Kate Watson detects a growing phenomenon in Toronto’s neighbourhoods: “It’s the Brooklyn effect.”
In Ms. Watson’s view, real estate values in gritty, downtown neighbourhoods are closing the gap with more tony areas nearby.
The agent with Bosley Real Estate Ltd. points to the Junction Triangle, for example, where many real estate watchers talked about a house on Perth Avenue that caused a 32-offer frenzy and sold for $848,625. Yet Ms. Watson finds the $1.325-million asking price on a converted munitions factory on nearby Wallace Avenue even more astonishing.
The hysteria on Perth was simply a result of the scant listings in January, she reckons, but the eye-popping price for the house on Wallace shows that Junction Triangle prices are catching up with neighbourhoods that used to be considered more desirable.
Houses routinely sell north of $1-million in Seaton Village and Riverdale, but now Parkdale, the Junction, and the Junction Triangle are seeing seven-digit listings – mostly for laneway houses and architect-designed modern dwellings.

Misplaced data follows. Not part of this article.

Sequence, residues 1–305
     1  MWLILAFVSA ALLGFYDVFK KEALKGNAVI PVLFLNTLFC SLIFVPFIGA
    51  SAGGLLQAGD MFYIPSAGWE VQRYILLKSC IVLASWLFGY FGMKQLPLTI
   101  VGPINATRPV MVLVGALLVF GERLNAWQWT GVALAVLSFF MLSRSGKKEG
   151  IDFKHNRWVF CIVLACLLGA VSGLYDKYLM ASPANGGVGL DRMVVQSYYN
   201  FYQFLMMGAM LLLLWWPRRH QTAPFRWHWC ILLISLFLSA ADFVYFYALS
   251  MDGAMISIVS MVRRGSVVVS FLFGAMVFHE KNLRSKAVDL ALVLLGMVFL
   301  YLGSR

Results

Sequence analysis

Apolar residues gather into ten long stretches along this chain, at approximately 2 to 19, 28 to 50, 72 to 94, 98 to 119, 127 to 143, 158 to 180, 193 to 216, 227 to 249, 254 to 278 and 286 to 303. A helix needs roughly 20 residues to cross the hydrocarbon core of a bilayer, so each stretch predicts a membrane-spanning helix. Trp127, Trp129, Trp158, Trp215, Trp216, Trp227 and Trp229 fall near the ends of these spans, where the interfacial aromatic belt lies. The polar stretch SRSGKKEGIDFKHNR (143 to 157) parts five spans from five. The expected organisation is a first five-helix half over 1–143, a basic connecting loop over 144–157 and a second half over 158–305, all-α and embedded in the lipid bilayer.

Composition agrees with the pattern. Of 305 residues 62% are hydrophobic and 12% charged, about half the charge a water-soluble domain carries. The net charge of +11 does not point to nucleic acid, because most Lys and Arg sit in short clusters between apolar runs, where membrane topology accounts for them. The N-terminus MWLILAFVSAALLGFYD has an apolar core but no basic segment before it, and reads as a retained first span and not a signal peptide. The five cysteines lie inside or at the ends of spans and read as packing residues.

Data from Realosophy reveals the rising fortunes in neighbourhoods on the Bloor and Dundas West corridors: Between 2008 and 2013, the average price increased 38 per cent in Seaton Village, 35 per cent in the Junction and a whopping 65 per cent in Parkdale South. By comparison, prices in Rosedale increased 13 per cent.
Today, buyers with deep pockets are willing to put cash into a singular property in a funky area rather than maintaining their investment in an established enclave.
“To me, it seems mind-boggling that somebody with that kind of money to spend would buy there,” says Ms. Watson of the Junction Triangle. “It’s very industrial there.”